Big Tobacco Knowingly Dosed Smokers With Radiation For Decades
September 30, 2011 by Sam Rolley
A University of California Los Angeles (UCLA) study of big tobacco intercompany documents released in a 1998 legal settlement — the Tobacco Master Settlement Agreement — shows that tobacco companies tried to keep information discovered in 1959 about radioactive substances in their products quiet for decades.
“The documents show that the industry was well aware of the presence of a radioactive substance in tobacco as early as 1959,” the authors write. “Furthermore, the industry was not only cognizant of the potential ‘cancerous growth’ in the lungs of regular smokers, but also did quantitative radiobiological calculations to estimate the long-term lung radiation absorption dose of ionizing alpha particles emitted from cigarette smoke.”
The study says that tobacco company research identified the radioactive substance as polonium-210 in 1969. The isotope can be found in all foreign and domestic cigarette brands as a byproduct of tobacco crop development.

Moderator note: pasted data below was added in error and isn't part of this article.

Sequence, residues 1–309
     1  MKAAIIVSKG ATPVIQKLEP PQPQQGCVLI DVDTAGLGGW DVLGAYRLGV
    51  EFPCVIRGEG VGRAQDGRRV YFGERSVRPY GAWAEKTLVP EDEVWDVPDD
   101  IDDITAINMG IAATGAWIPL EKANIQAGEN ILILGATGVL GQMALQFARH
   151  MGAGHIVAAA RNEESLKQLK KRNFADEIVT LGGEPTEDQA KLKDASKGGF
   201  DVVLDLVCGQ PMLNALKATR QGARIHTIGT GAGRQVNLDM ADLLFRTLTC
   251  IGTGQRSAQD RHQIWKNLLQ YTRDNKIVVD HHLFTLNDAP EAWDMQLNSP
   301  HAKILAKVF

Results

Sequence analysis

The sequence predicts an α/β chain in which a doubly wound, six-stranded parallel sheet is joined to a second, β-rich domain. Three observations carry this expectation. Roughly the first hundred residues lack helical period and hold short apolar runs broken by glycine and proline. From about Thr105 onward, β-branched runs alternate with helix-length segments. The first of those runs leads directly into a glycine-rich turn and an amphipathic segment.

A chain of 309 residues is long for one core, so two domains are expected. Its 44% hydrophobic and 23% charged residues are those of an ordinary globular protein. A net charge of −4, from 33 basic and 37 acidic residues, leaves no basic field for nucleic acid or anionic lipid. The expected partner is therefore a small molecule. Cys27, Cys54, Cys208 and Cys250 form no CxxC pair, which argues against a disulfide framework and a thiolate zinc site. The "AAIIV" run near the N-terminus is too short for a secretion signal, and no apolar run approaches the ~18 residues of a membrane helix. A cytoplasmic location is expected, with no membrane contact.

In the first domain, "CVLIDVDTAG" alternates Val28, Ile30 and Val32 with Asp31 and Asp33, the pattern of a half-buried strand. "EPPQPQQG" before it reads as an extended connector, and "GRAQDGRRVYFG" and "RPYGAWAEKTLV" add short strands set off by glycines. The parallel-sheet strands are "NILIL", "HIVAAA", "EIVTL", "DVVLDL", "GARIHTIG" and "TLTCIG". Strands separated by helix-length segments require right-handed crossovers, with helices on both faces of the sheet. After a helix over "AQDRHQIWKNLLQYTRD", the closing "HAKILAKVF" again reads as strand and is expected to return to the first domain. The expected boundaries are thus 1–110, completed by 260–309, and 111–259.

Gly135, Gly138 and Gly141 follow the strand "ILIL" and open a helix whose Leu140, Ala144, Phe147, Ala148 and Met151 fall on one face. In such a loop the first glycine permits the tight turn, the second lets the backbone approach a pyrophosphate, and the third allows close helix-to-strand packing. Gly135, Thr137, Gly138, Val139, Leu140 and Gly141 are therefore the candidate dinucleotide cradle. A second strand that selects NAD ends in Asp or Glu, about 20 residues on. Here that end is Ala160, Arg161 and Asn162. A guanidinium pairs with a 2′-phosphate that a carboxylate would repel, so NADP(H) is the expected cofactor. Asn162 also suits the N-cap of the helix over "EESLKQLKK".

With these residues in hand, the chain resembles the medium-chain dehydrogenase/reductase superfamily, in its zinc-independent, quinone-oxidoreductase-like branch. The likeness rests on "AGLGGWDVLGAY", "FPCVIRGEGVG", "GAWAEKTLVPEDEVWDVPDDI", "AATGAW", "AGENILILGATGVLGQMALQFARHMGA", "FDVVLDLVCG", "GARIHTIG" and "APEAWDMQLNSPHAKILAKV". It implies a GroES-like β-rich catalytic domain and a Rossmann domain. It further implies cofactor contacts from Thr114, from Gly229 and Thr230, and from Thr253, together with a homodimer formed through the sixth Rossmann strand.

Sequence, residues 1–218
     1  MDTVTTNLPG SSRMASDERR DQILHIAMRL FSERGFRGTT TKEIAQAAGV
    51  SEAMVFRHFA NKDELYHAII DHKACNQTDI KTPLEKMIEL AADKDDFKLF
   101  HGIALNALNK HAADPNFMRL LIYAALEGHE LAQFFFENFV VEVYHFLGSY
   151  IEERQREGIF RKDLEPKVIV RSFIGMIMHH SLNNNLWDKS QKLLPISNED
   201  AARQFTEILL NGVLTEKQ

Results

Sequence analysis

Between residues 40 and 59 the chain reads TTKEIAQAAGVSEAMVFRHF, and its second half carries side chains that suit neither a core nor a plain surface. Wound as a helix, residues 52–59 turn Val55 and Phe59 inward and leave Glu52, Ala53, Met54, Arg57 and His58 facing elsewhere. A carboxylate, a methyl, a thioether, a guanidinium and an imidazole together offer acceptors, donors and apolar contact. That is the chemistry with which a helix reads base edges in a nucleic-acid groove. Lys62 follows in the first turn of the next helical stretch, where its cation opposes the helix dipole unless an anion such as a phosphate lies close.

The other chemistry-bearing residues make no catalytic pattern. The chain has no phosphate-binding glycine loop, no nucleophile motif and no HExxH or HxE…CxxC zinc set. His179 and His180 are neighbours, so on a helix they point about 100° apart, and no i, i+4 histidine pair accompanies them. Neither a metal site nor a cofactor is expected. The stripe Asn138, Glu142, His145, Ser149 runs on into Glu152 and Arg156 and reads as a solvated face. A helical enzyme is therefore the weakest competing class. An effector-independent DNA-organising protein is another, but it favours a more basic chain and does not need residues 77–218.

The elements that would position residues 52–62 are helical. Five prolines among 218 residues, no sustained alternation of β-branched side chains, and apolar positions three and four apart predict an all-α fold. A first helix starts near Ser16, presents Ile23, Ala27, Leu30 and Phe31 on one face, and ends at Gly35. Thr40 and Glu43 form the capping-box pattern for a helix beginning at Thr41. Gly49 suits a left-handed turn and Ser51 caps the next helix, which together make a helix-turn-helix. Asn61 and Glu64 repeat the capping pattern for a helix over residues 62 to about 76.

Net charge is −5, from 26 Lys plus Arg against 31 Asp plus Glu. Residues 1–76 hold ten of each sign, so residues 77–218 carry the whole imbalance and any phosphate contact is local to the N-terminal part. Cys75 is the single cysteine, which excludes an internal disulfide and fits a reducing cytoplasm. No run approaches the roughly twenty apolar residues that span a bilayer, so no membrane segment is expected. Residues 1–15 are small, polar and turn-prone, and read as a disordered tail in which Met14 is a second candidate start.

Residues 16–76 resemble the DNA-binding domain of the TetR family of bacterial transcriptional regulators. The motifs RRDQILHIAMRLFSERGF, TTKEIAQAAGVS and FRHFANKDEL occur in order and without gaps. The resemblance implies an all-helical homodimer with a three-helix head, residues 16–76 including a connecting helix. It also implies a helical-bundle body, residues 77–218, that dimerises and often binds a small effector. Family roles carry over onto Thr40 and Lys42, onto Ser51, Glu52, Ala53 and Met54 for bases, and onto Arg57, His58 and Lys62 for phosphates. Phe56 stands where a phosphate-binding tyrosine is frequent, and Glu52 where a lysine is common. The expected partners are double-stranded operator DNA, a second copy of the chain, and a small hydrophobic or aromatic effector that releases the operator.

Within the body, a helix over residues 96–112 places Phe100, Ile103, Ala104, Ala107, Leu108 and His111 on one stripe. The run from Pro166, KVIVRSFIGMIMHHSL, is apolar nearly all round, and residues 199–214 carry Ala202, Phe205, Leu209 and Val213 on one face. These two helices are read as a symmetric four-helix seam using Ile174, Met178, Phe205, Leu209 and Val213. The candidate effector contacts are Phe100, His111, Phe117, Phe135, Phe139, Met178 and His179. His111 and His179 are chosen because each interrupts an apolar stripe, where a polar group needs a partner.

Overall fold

The tobacco industry has not only been aware of the isotope since 1959, but has also known of two processes by which it can be eliminated, says the study. One technique, developed in 1980 and called acid washing, was found to be highly effective in removing the isotope from tobacco plants, where it forms a water-insoluble complex with the sticky, hair-like structures called trichomes that cover the leaves. The tobacco industry allegedly shunned the process because it was also shown to have an impact on the levels of the content of nicotine in tobacco, the drug which keeps smokers hooked.
“The industry was concerned that the acid media would ionize the nicotine, making it more difficult to be absorbed into the brains of smokers and depriving them of that instant nicotine rush that fuels their addiction,” said one researcher.
The study comes out just two years after 2009 passage of the Family Smoking Prevention and Tobacco Control Act, which grants the U.S. Food and Drug Administration broad authority to regulate and remove harmful substances besides nicotine from tobacco products. The study’s authors hope that their research will be taken into account by the FDA as it attempts to regulate tobacco safety.